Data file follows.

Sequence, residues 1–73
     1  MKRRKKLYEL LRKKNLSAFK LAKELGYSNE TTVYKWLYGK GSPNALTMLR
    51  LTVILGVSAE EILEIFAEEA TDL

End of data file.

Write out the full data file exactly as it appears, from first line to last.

Sequence, residues 1–73
     1  MKRRKKLYEL LRKKNLSAFK LAKELGYSNE TTVYKWLYGK GSPNALTMLR
    51  LTVILGVSAE EILEIFAEEA TDL